Ralph Vaughan Williams

Chair of the VW Society gives presentation

Simon Coombs, the Chair of the Vaughan Williams Society, gave an extremely interesting and informative talk on the music of Vaughan Williams to a packed room at the last Society meeting on Monday.  Regarded as one of Britain’s great composers, he produced a wide range of music, including songs, symphonies, choral works, chamber music and works with a religious theme.  He was what one might call a ‘late developer’ not finding his voice until his ’30s (reminiscent of Bruckner).

Simon took us through his history starting with his childhood in Down Ampney and his later life in Dorking (Surrey) and Chelsea.  He showed promise at school, composing a short piece called ‘The Robin’ aged 6.  Later he went on to study under Parry and Max Bruch.  He spent time in Paris studying with Maurice Ravel who said of him ‘he was the only one of my students who doesn’t try to write my music’.

He was keenly interested in folk music and started to collect these in 1903.  He was not the first composer to be

Vaughan Williams

influenced by the folk song tradition (one thinks of Bartok) and much of his early work was founded on this tradition.  He was friendly with George Butterworth who shared his passion for English folk songs and who offered advice to VW in his early days including suggesting that he write a symphony.  It is a surprising fact but there are no performed symphonies by a British composer before VW and Elgar.  The suggestion by Butterworth is therefore something of a revolutionary suggestion.  Butterworth died tragically young in the Great War.  VW was keen to contribute to the war and served as an ambulance driver and stretcher bearer.  Like many who served in the trenches, the War made a lasting impression including the loss of friends.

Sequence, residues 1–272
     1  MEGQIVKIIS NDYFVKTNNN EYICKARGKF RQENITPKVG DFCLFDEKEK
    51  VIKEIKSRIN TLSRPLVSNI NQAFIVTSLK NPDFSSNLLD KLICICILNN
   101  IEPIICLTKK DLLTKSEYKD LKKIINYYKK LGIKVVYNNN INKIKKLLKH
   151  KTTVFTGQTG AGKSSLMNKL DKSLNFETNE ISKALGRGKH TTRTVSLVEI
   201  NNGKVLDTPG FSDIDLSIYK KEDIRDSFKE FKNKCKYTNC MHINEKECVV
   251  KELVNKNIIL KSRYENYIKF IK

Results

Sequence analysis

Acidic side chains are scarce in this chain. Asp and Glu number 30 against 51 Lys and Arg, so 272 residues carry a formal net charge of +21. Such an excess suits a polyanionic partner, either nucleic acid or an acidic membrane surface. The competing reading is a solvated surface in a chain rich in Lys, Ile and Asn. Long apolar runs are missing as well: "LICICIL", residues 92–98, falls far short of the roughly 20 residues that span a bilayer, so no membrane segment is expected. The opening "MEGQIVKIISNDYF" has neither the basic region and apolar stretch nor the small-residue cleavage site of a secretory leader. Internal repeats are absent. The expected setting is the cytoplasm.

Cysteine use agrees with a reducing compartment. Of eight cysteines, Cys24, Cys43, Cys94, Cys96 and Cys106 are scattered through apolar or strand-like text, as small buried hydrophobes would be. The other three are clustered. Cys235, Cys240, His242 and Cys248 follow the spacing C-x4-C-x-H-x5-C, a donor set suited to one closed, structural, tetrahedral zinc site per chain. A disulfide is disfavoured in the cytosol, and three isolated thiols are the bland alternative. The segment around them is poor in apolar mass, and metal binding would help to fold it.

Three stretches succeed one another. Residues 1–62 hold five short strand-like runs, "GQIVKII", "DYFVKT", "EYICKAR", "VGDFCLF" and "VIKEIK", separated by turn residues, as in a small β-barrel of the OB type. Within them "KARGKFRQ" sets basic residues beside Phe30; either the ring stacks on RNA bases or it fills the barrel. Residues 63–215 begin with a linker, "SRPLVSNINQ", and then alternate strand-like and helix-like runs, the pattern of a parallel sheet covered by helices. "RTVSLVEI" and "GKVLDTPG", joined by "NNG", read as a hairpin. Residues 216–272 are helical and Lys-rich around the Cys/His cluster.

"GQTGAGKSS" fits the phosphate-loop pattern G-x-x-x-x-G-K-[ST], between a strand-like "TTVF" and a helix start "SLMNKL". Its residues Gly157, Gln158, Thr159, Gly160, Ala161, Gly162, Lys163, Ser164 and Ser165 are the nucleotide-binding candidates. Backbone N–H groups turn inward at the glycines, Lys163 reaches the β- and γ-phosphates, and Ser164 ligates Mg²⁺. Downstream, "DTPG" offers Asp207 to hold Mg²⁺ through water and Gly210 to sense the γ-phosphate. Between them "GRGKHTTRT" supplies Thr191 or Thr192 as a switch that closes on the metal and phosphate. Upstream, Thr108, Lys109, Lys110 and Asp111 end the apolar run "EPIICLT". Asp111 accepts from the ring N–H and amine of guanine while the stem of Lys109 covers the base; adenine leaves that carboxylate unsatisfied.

He was keen to popularise his music and started the Leith Hill Music Festival (near Dorking) in 1905 and which still thrives.  He had a huge output which included 9 symphonies.

Simon played a mixture of his works, some familiar, others less often heard.  These included the Fantasia on a Theme by Thomas Tallis; an extract from the Sea Symphony (1909); a song from 5 Mystical Songs; parts of the London Symphony (1913) and the Pastoral Symphony (1921) and from number 4 (1934).

Perhaps the work most recognisably as his is the Lark Ascending strongly influenced by his love of folk songs (1914).  Other pieces included an extract from the English Folk Song Suite (1923), Serenade to Music (1938) and from one of his operas Hugh the Drover.  He was approached by Muir Mathieson to compose the music for the film Thirty Ninth Parallel which he composed in a matter of weeks.

This was a brilliant start to the second half of the season.

Peter Curbishley

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